Burden of proof

While theft is always grounds for dismissal, the problem for employers is demonstrating their case in court

A recent column on honesty in the workplace mentioned that criminal dishonesty, even an isolated event, was always grounds for dismissal. That statement, while entirely accurate, needs to be examined more closely.

When the basis for dismissal is theft or similar criminal-like allegations against the employee, the law raises the level of proof from the normal civil level of balance of probabilities to something closer to the criminal level of proof.

This is due to the stigma of theft. While the civil level of proof is a balance, by contrast, the criminal level of proof requires certainty. The standard required in a wrongful dismissal theft case is that of clear, cogent and compelling evidence, and the court is to vigorously assess the evidence to ensure qualitative certainty of the result.

In other words, the level of proof input to the court in a theft case is very high. As well, a theft allegation will require the employer to prove an intention to steal on the part of the employee. Proof of conduct that is equally consistent with bad judgment is not sufficient proof of theft. In addition, the employer comes under an onerous investigation duty that must be sufficiently broad to disclose to the court the full context, nature and circumstances of the alleged theft. If the employer cannot explain the full context or circumstances surrounding the theft to the court, then it cannot prove its case.

So, the statement is true that theft is always grounds for dismissal, but the problem for the employer is proving that the act complained of constitutes theft.

A prime example of the difficulty an employer can have in proving the necessary elements to dismiss for theft, is shown in a recent BC Supreme Court decision.

This case involved an employee of 16 years of service, whose job involved extensive travel by car and who was given a company vehicle and gas card that the employer permitted him to use for a mixture of business travel and personal use. The employee had the vehicle and gas card on this basis for approximately 10 years.

The employee was transferred to Alberta and was allowed to retain the vehicle and gas card. He used the vehicle and gas card to transit back and forth between the job in Alberta and home in B.C. during his cycle of days off.

At some point, while the employee worked under these circumstances, he was directed by the employer to surrender the vehicle and gas card. He returned the vehicle but not the gas card and continued to use the gas card for his personal transit back and forth between the B.C. home and Alberta job. He kept and used the gas card on this basis for some two months after he had been directed to return it. The employer finally acted and terminated employment on the basis of gasoline theft.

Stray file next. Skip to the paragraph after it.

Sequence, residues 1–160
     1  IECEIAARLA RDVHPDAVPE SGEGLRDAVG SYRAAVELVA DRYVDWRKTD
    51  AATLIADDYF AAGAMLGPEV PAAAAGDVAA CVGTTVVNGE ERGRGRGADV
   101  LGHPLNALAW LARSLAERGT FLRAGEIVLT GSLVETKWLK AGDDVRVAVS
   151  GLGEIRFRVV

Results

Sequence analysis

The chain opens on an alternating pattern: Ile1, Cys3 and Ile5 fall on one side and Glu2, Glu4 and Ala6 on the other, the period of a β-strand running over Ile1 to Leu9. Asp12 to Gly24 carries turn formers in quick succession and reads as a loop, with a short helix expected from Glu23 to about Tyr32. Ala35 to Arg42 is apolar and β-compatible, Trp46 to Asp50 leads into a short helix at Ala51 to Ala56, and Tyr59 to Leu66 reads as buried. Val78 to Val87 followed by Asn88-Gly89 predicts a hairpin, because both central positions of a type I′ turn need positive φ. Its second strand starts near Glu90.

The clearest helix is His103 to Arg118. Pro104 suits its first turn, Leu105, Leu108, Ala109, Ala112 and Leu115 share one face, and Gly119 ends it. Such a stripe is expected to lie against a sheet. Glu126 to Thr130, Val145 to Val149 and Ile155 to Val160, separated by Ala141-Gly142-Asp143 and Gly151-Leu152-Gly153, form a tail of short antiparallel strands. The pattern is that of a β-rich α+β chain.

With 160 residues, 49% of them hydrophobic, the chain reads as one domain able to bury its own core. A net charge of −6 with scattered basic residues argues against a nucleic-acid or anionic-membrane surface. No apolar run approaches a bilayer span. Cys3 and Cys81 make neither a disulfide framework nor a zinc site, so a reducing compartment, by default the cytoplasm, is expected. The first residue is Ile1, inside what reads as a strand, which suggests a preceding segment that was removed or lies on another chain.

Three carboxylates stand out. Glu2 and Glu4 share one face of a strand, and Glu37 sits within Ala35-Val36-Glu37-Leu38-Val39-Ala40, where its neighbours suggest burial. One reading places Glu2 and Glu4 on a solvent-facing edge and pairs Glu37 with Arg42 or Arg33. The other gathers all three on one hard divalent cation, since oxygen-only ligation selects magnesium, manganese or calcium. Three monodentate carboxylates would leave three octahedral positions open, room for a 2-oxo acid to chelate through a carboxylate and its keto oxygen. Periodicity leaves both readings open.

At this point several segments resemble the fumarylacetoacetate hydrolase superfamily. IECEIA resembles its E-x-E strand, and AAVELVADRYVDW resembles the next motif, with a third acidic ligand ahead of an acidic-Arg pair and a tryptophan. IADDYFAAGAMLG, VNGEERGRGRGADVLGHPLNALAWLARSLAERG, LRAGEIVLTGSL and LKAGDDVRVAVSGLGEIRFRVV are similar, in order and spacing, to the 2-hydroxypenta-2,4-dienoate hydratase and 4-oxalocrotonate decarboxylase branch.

The employer did not have any policy that dealt with issuing, using or surrendering gas cards.

The court found that the employee knew he was to surrender the gas card, and knew its continued use was inappropriate. But it was up to the employer to prove more than that. The lack of employer policies was damaging to the employer’s case. Because the employer did not have a written policy dealing with gas cards and did not explain properly the consequences of continued use of the gas card, the employer could not prove to the level required that the employee understood his possession or use of the gas card was unauthorized, and that the unauthorized use of the gas card could constitute theft and lead to dismissal. As well, the employer failed to properly investigate and confront the employee and allow for an explanation or further understanding.

Thus, without a policy to provide a framework, and without an investigation to give the court the full context, the employer was unable to give clear, cogent and compelling evidence necessary to prove a theft.

The failure of proof of the employer left a vacuum for the court. The court cannot perform its obligation of ensuring qualitative certainty of result in a theft case in such a vacuum. The court found that the employee certainly exhibited inappropriate behaviour, and bad judgment, but not theft. Having been dismissed for cause that could not be proven, the employee was wrongfully dismissed.

Clearly, the court was not pleased with the employee’s conduct. When the employer alleged theft, it triggered the higher onus of proof. The employer simply could not satisfy that onus.

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